For both crocheters and knitters, learning to read a pattern can be like learning a different language. However, if you take things step-by-step, reading a pattern can be easy. For this example, follow along with the Ruffle Colors Scarf.
1. Read the gauge information. Click here for more information on making a gauge swatch.
2. Write out what every abbreviation means. Stitch explanations can be found in the "Stitch Explanation" section above the main body of the pattern and in the "Abbreviations/References" section at the bottom of the pattern. For example, the Ruffle Color Scarf begins, "Ch 177. Row 1: Work 2 dc in 3rd ch from hook and in each ch across" In this case, you would write, "Chain 177. Row 1: Work 2 double crochets into the 3rd chain from your crochet hook. Work 2 double crochets in every chain across the row."
3. Focus on one stitch at a time. It's easy to read the entire row and get a little overwhelmed. Doing each stitch individually allows you to stay focused and makes each row a lot more manageable.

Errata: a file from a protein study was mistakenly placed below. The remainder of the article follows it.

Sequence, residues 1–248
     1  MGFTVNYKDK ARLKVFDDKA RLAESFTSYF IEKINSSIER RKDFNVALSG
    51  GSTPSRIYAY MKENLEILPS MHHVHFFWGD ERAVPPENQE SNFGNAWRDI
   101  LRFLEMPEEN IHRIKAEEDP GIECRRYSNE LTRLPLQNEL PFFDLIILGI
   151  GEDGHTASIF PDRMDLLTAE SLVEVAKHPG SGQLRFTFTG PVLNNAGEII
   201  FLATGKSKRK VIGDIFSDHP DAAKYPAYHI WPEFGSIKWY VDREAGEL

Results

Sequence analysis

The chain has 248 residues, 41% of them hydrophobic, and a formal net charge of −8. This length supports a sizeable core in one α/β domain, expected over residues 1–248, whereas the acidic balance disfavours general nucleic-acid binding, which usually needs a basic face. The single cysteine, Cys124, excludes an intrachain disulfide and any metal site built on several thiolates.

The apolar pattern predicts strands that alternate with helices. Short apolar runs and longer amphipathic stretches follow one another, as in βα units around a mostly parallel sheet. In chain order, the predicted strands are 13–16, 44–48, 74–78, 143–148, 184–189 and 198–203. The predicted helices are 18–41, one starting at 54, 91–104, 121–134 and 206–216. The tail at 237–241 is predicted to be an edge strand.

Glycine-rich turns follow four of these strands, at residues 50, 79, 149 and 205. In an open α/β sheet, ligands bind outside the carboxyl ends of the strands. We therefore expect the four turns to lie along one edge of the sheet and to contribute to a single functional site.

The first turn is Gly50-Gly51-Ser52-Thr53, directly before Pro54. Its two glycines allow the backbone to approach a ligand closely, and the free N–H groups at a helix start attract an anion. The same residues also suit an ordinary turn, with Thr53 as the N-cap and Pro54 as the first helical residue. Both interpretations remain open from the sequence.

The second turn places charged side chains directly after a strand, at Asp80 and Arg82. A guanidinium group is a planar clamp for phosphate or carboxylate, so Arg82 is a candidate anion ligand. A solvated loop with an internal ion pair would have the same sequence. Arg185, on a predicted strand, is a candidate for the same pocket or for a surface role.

4. Write out the repeats. Many patterns include repeats. For example, Row 3 says, "Ch 3, turn, dc in same sp, dc in next st, *2 dc in next st, dc in next st; rep from * across." In this case, it may be beneficial to write out, "Double crochet twice in the next stitch. Double crochet in the next stitch. Double crochet twice in the next stitch. Double crochet in the next stitch." This is especially helpful when the pattern repeat includes 3 or more stitches.
With those 4 easy steps, you can be on your way to reading patterns!